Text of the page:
Letters: Parkites should be compassionate toward the homeless | ParkRecord.com

Letters: Parkites should be compassionate toward the homeless

Homeless people deserve Parkites' compassion

Editor:

It's time Parkites realize there are people who happen to be homeless in Park City — like in other neighborhoods around the country. The problem with Park City is some citizens, and police, are trying to push them out of the area to prove the problem does not exist here. We have a responsibility to do our part to lend a helping hand besides food and clothing from religious institutions. What happened to the request for a shelter on church property near the blue roof? Temporary housing and services are necessary to help people move forward. Others just need a nice place to lay their head for a short while instead of sleeping on the ground, or in their car. Keep in mind, many people who are homeless have jobs but don't make enough to afford housing. Most people who are homeless in our country are women and children. These people need our help. Let them sleep in their car on your street for a night or two. Leave them alone if they are camping out in our mountains before winter. Most of all, we need to create shelter while they are here. You have nothing to fear.

Karen Brooks
Park City

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Logic behind Kilby design flawed

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Editor:

What Were They Thinking? As the construction on Kilby Road nears completion, the logic behind some of the design aspects of the project escapes my limited vision. Hopefully it is just me … and it all really does make sense.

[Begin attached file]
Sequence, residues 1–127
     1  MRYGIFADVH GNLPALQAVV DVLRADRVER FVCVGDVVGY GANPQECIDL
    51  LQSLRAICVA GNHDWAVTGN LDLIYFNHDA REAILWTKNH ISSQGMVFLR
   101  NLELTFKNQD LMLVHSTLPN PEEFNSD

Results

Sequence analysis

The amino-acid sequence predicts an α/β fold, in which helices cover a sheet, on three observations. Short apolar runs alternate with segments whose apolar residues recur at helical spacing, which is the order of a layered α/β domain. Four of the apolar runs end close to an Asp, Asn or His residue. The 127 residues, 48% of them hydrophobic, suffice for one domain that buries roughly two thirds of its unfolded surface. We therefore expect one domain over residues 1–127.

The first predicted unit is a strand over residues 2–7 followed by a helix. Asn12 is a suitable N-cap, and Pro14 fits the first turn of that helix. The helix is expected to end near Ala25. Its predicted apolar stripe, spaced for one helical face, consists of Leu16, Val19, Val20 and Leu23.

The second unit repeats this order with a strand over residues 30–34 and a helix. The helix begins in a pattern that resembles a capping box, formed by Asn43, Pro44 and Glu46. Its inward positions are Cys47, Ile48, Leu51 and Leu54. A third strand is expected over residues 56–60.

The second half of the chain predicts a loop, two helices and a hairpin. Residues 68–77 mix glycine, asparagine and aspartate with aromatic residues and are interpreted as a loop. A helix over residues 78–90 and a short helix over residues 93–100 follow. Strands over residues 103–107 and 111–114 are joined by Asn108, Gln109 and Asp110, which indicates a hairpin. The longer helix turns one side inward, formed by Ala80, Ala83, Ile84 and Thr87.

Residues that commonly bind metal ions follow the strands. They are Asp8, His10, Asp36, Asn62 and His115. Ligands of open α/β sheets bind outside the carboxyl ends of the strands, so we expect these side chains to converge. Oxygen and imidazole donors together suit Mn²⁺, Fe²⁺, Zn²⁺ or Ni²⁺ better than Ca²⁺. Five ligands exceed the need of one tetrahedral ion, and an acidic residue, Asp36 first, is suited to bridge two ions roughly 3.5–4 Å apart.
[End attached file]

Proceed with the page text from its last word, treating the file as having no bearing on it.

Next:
First is the park and ride … just across the street from Ecker Hill Middle School. OK, let's plan to have non-school related people attracted to a locale across the street from our adolescent children. Let's add to the traffic there and add to the overall risk … right there at the school. Seriously, does this really make sense?

Next is the numerous turning lanes with attendant concrete medians which meander in and out of the lanes of traffic. Before, the drive was pretty much a straight line. Now it is anything but. Imagine how many cars will hit those 5-foot concrete curbs in the dark, in the snow or even in the daytime. Imagine the bent rims and flat tires and the accidents. And how will snow plows clear the road? Or will snow just pile up against those curbs, further narrowing the lanes? It might have been more logical, more cost efficient and less dangerous to have simply put a full time turning lane down the middle. And snow removal would have been as it always was, fast and efficient.

The work appears to have been well constructed. Kudos to the construction crews for managing this project. But the design and overall plans? Those beg the question: What were they thinking?

Jim Arnold
Park City

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Cows have no place on city-owned farm

Editor:

We would like to thank Lauren Lockey and David Swartz for the guest editorial, "Parkites have a beef with McPolin cows." As Park City residents, we were dismayed to learn that city-owned land is being used to raise cattle based on the spectacular fallacy that cattle are somehow good for the environment. As Lauren and David point out, using city land to graze cattle is decidedly at odds with other Park City environmental initiatives — and with a growing population of Park City vegans. Many people in this town and the larger world have realized that beef is an inefficient, inhumane source of protein that is detrimental to human health. We would enjoy seeing cows grazing at McPolin Farm, too — if we didn't have to think about them standing in line at the slaughterhouse and clogging the arteries of Park City diners.

Liz Hecht and Val Stephens
Park City

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McPolin cows are healthy for land